We’re all somewhat familiar with the concept of a network. We use social networks to connect us with friends, family and coworkers. We use computer networks to tie all our devices together to effortlessly transfer the data we need to make our businesses run. These networks provide incredible value in our lives, but many of us don’t understand how any of them work. 

Within any network, connections are important. With computer networks, those connections are built on network cabling. That means our connections are only as strong as the materials used and the way in which they were connected. Whether you’re in the market for an upgraded local area network or just came for the network cable definition, we’ll do our best to cover the network cabling basics.

Why is network cabling important?

Network cabling provides the backbone of your network. It may be helpful to think of network cabling in the context of city roads and highways. If they are assembled in a jumbled mess, the result is a lot of sitting and waiting in jammed up connections. The infrastructure was not designed properly, and cannot deliver an acceptable traffic flow to keep things moving smoothly.

Like city infrastructure, data can only flow through any given cable at its maximum capacity. When higher speed cables meet lower speed cables, we run into a bottleneck. It’s similar to the way traffic backs up at freeway offramps onto city streets. The city streets aren’t equipped to handle as much traffic, so everything slows down where they meet.

Designing your local area network (LAN) to meet both your needs and ANSI cabling standards is the best way to avoid insufficient bandwidth that can create slowdowns. Part of this comes down to the type of network cabling you choose. While your installer can point you in the right direction, it’s helpful to know a little bit before you begin.

Types of Network Cabling

A network can be built on a number of different types of technology, and each offers advantages and disadvantages that are unique to that type. When designing your network, you will run into a few main types of network cabling. Here’s a brief rundown of the similarities and differences among them.

Twisted Pair Cable

The most common type of cable in network cabling is the twisted pair cable. It’s economical and easy to install, and is available in two variations to meet your needs.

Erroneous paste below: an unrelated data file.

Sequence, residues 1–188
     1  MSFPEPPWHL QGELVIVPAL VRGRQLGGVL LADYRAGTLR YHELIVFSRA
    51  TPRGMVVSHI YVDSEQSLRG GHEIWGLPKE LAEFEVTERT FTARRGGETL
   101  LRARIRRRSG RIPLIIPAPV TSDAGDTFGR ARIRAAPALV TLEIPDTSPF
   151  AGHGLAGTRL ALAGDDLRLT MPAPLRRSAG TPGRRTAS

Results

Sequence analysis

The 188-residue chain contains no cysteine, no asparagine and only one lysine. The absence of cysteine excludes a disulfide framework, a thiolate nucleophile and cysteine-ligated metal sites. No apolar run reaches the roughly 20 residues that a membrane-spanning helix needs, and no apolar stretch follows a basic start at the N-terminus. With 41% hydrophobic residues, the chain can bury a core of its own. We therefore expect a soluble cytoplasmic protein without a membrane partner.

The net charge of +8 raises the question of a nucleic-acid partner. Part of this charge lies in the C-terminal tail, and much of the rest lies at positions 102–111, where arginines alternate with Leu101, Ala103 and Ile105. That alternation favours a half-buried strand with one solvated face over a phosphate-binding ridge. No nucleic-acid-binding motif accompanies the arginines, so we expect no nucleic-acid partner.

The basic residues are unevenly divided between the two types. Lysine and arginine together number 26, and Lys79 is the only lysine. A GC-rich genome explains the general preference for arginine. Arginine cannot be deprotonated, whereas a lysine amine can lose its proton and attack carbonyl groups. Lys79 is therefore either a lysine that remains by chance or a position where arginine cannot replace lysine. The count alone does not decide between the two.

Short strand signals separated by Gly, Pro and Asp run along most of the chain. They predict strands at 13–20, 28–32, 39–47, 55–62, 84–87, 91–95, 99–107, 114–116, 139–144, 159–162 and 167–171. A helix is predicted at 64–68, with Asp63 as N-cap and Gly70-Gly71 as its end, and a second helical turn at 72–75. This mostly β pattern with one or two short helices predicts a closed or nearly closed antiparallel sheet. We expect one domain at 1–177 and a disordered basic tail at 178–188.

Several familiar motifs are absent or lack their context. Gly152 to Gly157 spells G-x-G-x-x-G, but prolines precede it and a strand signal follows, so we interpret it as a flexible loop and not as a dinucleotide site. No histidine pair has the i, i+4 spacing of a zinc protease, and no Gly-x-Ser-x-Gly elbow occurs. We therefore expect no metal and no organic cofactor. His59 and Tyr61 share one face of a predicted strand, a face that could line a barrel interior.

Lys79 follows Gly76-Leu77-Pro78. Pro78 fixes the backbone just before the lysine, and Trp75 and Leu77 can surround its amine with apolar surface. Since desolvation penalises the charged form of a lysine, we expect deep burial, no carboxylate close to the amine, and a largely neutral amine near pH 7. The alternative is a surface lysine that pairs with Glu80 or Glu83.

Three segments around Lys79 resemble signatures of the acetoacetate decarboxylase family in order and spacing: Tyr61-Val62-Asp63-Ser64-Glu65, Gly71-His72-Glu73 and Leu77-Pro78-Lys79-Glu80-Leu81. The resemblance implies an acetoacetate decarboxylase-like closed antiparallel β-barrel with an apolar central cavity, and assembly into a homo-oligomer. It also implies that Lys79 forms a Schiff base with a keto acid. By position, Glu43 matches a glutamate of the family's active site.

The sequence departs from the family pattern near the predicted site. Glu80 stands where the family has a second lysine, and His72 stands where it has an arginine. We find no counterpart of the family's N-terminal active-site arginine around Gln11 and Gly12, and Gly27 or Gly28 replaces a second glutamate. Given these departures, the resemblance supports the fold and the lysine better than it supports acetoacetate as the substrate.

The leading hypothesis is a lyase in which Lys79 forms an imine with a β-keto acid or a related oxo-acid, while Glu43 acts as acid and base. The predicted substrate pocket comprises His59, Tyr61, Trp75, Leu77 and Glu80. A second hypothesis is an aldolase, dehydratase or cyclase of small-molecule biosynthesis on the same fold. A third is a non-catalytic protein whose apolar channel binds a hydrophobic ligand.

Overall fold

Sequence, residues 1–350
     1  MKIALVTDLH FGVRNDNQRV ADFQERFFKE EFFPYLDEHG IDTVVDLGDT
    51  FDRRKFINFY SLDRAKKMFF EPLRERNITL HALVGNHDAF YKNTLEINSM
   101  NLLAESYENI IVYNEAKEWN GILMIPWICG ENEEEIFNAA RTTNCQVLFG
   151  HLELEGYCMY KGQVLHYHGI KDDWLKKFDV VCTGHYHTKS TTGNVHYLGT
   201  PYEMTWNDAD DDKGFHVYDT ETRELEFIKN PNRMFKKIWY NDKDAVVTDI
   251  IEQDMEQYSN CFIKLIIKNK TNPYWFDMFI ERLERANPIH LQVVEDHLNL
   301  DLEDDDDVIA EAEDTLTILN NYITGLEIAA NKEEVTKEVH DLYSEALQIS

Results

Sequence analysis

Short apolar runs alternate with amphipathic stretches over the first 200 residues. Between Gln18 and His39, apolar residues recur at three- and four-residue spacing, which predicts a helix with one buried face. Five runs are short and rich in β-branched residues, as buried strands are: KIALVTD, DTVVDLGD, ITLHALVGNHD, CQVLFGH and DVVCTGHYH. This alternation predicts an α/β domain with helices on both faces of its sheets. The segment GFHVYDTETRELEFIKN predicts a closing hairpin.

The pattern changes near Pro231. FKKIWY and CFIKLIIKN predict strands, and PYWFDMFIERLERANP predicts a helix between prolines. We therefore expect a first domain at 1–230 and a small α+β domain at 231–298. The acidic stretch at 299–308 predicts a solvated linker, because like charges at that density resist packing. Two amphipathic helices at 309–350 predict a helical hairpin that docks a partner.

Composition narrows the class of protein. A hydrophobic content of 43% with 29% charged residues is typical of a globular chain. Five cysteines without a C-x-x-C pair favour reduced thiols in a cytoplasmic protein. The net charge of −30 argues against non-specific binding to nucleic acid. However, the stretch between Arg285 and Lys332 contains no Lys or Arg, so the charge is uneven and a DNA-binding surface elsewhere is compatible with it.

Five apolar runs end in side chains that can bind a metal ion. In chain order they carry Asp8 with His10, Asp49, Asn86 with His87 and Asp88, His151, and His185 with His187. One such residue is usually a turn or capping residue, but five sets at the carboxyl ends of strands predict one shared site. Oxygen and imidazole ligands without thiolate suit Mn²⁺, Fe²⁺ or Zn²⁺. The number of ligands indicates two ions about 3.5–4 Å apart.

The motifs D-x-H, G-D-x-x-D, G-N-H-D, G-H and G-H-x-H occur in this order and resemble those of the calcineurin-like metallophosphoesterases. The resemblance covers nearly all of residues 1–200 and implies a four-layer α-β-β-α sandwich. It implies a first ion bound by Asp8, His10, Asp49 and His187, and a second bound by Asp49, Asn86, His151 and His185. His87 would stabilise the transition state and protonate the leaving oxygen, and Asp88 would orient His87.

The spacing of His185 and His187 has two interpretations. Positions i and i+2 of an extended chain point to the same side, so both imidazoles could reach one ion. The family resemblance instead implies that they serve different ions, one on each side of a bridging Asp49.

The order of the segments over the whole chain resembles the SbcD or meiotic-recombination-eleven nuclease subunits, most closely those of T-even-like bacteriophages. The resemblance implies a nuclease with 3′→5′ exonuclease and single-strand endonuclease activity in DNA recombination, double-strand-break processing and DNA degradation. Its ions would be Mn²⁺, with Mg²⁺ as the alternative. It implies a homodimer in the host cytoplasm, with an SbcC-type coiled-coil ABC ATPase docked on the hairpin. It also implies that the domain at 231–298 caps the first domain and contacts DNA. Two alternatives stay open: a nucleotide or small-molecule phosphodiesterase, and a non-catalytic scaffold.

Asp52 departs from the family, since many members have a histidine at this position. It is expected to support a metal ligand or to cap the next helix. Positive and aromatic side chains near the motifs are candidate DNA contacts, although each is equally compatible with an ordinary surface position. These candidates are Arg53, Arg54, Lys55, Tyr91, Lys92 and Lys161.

In a twisted pair cable configuration, four pairs of wires are run through a protective jacket. Each pair is twisted together to help eliminate interference. The two varieties of twisted pair cables used in networking are shielded and unshielded.

Unshielded Twisted Pair (UTP) Cable

UTP cables represent the more basic form of this category. Each pair of wires is twisted together and all eight are wrapped in the protective jacket. Pairs that are twisted tightly are able to handle higher transmission rates, but this also increases the cost. Due to their lower price point, unshielded twisted pair cable is more commonly used for many applications where interference doesn’t present a large issue.

Shielded Twisted Pair (STP) Cable

If there is a relatively high likelihood of electromagnetic interference, we utilize shielded wires to prevent issues. STP cable is constructed in the same way as UTP cable, but may have shields covering each pair individually, covering all pairs at once via a shield on the inside of the jacket, or a combination of both.

Shielded twisted pair cable does a much better job of blocking interference than the unshielded variety, but the increased price makes this network cabling solution unnecessary in environments with minimal interference.

Coaxial Cable

Most people are somewhat familiar with coaxial cable. This is the type of cable that we’ve been plugging into our TVs and internet modems for decades. It features a copper core with an insulating material and metal sheath for protection. The whole package is wrapped in a protective outer layer. This construction allows coaxial cable to offer good protection against electromagnetic interference, but it can be difficult to install if your home or office haven’t already been run with it. This is something you need to account for in your budget if running new cables.